Make it clear to the powers that be that you (as a parish) are not interested in playing ecclesiastical power games but deepening your life in God. You (a general you) will have to be very vigilant at first: the traps are subtle and seductive, but gradually you can root yourselves in silence.

There will always be people who want to be busy and 'keep the show on the road': let them do it so you don't have to. 'The church is like a swimming pool,' someone once said, 'all the noise is at the shallow end.' Let them have their own noisy liturgy, while you do something else. Forget the jargon and the 'targets' and the numbers game.

This sort of change doesn't happen overnight, and a lot of clergy have a vested interest in, as Richard Holloway put it, 'exchanging poetry for packaging' because they are interested in control instead of deepening into God. But you (a general as well as a specific you) can effect change only as you yourself do the work of silence. It's work, of course, much more difficult work than busyness, which gives the appearance of short-term 'success' (a word which should be deleted from the religious vocabulary), and it demands changes in the way one lives. But if you stick with the work of silence through thick and thin, not only will you find that it merges with the fabric of life, it becomes the fabric of life. You will effect change around you no matter what you do, but unbeknown to you, the resonances of silence affect those around you far more profoundly than any words or programme could. The group can deepen only if each individual works at silence, and each person's work with silence deepens the group. Above all, don't talk about it beyond the minimum needed to change direction. No one was ever persuaded by words in these matters. 

There's a new 'keep calm' mug available: Keep Calm and Press Delete. Ask your self about everything that comes your way: 'Is this really necessary? What purpose does it serve? Does it generate static or does it deepen me/us into silence? Is this a need or a want? Will this help me and other people be more quiet or is it going to generate complication? Where do I hurt? What do I really want? What price am I willing to pay? When you catch your head entertaining noise, simply turn away from it and 'reach into the dark'. 

People are leaving the churches because they can no longer abide the banality and the gimmicks, the contradictoray demands that they support clergy but allow those clergy to dominate and infantilize. People want to worship 'in spirit and in truth', participating in liturgy that helps them forget themselves as they engage God at the deepest level. There's an article on these issues in an essay on liturgy in the book I published last year, Writing the Icon of the Heart: In Silence Beholding.

There is, of course, a caveat: if you do effect changes in your parish, be prepared to be attacked by the frightened and uncomprehending people who want to 'play the game' at any price. If you re-do your liturgy so that it is a proper liturgy and not just a sing-song with interruptions by a lot of words, you will find it extremely difficult to worship in a church that is still into packaging. You will start listening more careful and you will be saddened, if not revolted by what is unthinkingly taught, and the banality of the concepts of 'church' that underlie them—and they are a lie.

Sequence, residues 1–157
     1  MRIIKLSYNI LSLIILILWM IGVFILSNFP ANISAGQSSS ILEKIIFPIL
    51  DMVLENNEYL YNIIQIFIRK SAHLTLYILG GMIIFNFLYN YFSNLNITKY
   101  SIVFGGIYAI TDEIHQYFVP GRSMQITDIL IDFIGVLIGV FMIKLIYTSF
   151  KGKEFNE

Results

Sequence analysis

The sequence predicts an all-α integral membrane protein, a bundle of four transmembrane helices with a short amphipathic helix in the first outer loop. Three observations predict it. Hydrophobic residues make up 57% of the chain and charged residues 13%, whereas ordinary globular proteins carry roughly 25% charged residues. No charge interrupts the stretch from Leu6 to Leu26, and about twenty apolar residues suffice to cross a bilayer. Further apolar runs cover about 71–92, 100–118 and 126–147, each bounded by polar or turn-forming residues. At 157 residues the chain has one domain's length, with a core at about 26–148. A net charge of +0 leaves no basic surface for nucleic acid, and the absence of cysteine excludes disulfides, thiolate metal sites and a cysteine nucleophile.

Such changes are wrought quietly, without fanfare. They require humility. It's not a matter of a offering a 'better' way; it's a matter for each person to decide if they want to do the work of silence or not, and whether they will stick with it.

Don't make the mistake of having so-called spiritual directors, or 'experts', or celebrity gurus, who try to tell you how to live, but whose motivations are highly questionable: these are just distractions. All you need to do, metaphorically speaking, is sit in your cell and seek to the beholding. It's so simple, and we make it so very complicated.

Thank you again for writing.

Saturday, October 06, 2012

XIV Manchester Talk May 31, 2012

To sum up: we need to reconsider the methodology we use; we need to re-explore our Christian heritage which has to a great extent been lost, experimenting with the two epistemologies model in every aspect of our lives; and we need to incorporate the evidence of contemporary neuro-psychology and Margaret Barker's discoveries about the First Temple liturgy of atonement, which symbolically re-enacted the transfiguration of the mind in order to heal the breach created by the people's destructiveness to the ecology.
Contemporary scholarly methodology is at war with the texts it purports to explicate. It is folly to use a methodology to examine texts that teach contemplation using the very system of thought against which they are written. To use a methodology that demands closure on a text that is leading the reader into infinite openness; to employ a methodology that imposes a single epistemology on texts that are based on two epistemologies working in concert not only destroys them, but also locks the reader into lesser beholdings, into his or her own self-consciousness. This is a recognized problem in philosophy, and if philosophy, then even more ipsa philosophia Christus. As Karmen MacKendrick notes:
We still must use words; we still must draw out the questions that lie within philosophy. It is only that we have learned that we must use philosophy against itself, wrap our words around spaces without words, and leave them wordless, as if they could thus be kept, though we know that we lose them together with ourselves.[1]
McKendrick's words, along with the model I have presented, with its correlations in modern neuro-psychology, and Margaret Barker's discoveries from a former age, suggest that a viable theology for the twenty-first century must be relational and molecular, employing a rationality that may use the linear as a critical tool, but which goes beyond it to its full flowering in the deep mind. To engage such a theology, language generated by the self-conscious mind must continually be sounded, refined and layered in the echo chamber of the deep mind, so that it becomes more truly incarnational.
But how this might be accomplished must remain a topic for another day.

[1] Karmen MacKendrick, Immemorial Silence (New York, 2001), p. 5.